David Davis criticises 'Brokeback' coalition

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David Davis, the former shadow home secretary, has described the partnership between David Cameron and Nick Clegg as the "Brokeback coalition", it was reported last night.

He dismissed Mr Cameron's flagship "big society" policy as "Blairite dressing" and suggested that the Tory leadership was keener to appease the Liberal Democrats than its own party. His private remarks to a group of businessmen highlight the frustration of right-wing Tories about the concessions the Prime Minister is making to Mr Clegg.

Mr Davis, at the time the front-runner, was defeated by Mr Cameron in a Tory leadership election in 2005. According to the Financial Times, his comments were made to former colleagues from Tate & Lyle – of which Mr Davis was a director in the late 1980s – during a lunch at the Boot and Flogger wine bar in Southwark, London, on Thursday. He was overheard by other customers, including three Financial Times journalists.

He attributed to Lord Ashcroft, the deputy Tory chairman, the "Brokeback coalition" jibe – a reference to the Oscar-winning film Brokeback Mountain about a gay relationship between two cowboys. Mr Cameron has jokingly described Mr Clegg as his "civil partner". Later Mr Davis denied the newspaper's claims, insisting that he had been misheard. Mr Davis and Lord Ashcroft were not available for comment last night.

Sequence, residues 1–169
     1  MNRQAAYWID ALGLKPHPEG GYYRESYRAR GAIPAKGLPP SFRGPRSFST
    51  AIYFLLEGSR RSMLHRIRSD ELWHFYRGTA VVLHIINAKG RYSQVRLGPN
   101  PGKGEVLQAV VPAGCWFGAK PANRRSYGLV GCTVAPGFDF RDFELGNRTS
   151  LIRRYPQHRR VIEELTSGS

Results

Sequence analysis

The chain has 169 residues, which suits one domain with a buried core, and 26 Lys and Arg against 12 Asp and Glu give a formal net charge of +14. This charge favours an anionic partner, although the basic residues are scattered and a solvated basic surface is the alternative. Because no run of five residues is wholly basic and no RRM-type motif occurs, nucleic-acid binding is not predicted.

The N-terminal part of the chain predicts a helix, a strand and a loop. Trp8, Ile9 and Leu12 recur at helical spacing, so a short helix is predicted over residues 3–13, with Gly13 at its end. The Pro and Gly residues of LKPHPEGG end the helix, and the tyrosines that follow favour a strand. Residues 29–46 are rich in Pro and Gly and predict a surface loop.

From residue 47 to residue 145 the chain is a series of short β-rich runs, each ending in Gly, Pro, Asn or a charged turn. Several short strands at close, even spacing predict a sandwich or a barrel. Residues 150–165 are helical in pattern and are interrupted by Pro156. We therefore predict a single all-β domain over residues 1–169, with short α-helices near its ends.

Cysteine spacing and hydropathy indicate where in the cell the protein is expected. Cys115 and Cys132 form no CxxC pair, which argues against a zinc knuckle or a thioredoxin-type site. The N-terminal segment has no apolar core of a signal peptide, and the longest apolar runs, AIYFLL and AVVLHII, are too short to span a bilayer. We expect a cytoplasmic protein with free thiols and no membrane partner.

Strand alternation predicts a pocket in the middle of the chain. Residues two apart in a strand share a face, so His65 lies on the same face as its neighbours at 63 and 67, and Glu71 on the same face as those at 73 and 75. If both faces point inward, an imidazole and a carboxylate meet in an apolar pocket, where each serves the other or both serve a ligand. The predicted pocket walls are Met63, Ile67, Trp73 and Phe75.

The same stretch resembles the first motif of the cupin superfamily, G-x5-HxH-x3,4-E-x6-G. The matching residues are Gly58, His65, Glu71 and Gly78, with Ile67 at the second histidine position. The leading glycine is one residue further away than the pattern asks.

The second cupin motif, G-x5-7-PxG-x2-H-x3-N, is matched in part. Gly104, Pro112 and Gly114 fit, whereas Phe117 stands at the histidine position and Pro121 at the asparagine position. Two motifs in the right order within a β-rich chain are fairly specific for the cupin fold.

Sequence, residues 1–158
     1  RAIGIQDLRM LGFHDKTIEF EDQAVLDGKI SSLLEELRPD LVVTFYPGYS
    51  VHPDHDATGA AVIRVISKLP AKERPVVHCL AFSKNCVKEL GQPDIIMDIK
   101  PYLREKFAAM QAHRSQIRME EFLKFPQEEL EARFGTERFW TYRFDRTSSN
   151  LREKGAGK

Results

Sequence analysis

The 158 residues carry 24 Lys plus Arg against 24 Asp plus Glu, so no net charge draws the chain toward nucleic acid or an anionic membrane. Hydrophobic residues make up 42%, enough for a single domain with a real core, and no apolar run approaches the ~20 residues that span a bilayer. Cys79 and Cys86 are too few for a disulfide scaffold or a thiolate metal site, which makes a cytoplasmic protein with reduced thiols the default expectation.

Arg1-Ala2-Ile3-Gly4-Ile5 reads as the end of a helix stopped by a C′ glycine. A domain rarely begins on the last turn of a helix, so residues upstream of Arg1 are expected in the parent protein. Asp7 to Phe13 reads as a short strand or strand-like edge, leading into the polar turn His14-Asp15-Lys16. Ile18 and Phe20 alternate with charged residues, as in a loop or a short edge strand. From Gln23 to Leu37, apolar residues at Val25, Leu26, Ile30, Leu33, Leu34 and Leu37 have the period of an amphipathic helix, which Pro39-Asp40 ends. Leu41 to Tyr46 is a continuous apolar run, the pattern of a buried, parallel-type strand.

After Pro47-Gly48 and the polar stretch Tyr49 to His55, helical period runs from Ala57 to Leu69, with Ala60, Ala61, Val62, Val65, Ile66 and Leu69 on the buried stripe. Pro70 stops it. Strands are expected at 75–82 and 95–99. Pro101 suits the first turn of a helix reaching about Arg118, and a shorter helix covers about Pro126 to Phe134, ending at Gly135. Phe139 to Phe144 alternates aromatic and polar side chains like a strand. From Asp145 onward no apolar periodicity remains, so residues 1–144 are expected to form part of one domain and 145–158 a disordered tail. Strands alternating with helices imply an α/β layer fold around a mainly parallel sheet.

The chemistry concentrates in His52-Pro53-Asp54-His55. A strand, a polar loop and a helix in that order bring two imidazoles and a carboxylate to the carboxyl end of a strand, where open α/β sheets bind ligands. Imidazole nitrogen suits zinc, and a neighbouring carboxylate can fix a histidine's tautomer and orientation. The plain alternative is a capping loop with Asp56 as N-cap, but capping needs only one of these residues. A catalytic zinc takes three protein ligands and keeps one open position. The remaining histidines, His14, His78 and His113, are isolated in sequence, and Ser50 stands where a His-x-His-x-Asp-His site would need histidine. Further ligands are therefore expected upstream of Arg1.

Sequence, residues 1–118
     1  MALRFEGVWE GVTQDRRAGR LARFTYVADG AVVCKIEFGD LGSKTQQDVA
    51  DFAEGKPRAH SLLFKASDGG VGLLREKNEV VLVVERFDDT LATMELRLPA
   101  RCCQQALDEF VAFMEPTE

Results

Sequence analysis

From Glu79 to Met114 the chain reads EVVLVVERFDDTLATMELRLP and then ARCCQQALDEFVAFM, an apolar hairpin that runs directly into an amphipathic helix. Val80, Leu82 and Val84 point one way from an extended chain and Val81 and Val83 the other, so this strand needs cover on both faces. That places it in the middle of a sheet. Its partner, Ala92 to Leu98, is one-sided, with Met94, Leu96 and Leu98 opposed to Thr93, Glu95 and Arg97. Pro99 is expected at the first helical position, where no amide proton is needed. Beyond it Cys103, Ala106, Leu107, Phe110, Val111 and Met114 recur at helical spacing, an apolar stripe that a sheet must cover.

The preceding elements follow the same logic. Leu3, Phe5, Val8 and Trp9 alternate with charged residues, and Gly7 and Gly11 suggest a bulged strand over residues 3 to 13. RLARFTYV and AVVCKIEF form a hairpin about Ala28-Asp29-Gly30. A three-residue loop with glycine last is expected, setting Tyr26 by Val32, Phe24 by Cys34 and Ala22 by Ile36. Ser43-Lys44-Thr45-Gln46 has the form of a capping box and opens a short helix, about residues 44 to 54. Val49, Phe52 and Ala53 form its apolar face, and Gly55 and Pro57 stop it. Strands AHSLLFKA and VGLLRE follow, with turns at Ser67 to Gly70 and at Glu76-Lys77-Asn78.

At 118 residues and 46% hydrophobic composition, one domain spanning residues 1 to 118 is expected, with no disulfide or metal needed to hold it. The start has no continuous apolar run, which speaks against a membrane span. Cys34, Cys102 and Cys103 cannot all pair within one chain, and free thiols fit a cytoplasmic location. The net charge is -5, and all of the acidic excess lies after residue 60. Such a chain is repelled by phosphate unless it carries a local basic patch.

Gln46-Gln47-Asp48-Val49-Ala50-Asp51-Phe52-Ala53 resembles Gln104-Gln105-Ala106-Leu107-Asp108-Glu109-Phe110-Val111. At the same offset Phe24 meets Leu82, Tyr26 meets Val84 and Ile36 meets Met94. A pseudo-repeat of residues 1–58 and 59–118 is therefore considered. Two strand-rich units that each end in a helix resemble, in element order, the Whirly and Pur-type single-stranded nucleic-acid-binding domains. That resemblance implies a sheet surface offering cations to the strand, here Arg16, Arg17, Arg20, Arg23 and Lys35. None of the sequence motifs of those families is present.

Mr Davis reportedly said: "The corollary of the big society is the smaller state. If you talk about the small state, people think you're Attila the Hun. If you talk about the big society, people think you're Mother Teresa."

Mr Davis, who resigned from the Tory front bench in opposition to campaign against Labour's civil liberties policies, said he was enjoying the freedom of the backbenches. But he went on to note that there were not many jobs "unless you're female". This was, he said, because the Liberal Democrats had brought few women into office.

The former minister claimed the Government "has a mechanism for dealing with the Liberal party, most of whom are inside the coalition. It does not have a mechanism for dealing with the Conservative Party, most of whom are outside the coalition."

Mr Davis said it "would not hurt" the Tories if the Liberal Democrats split. Most of the liberal right of the party held "seats that should be Tory". He suggested that the Tories could agree not to run against "20 or 25" such Liberal Democrats as part of an electoral pact. Given the weakness of Mr Clegg's party, this would be "an offer you can't refuse" for a "guaranteed seat for life".

Dwelling on the Liberal Democrats' lack of ethnic minority MPs, he joked that David Laws, the gay former chief treasury secretary who resigned in May over his expenses claims, was "one sort of minority" brought into the team, but he had left government "within a few weeks". Criticism of the coalition is not confined to the Tory backbenches. As the Cabinet met yesterday to discuss its political strategy, Liberal Democrat MP Tim Farron described the Tories as a "toxic brand, adding: "It is not my job to detoxify it."

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